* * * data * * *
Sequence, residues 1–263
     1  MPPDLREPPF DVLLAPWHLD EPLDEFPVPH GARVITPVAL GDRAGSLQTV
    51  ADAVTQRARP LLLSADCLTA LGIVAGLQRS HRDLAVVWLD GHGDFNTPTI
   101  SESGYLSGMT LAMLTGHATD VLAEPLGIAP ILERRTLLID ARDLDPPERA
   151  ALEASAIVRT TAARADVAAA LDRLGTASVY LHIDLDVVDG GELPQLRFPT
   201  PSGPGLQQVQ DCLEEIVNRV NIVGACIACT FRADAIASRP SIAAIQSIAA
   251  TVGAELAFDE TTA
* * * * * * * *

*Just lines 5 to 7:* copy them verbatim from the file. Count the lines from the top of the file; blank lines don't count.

   151  ALEASAIVRT TAARADVAAA LDRLGTASVY LHIDLDVVDG GELPQLRFPT
   201  PSGPGLQQVQ DCLEEIVNRV NIVGACIACT FRADAIASRP SIAAIQSIAA
   251  TVGAELAFDE TTA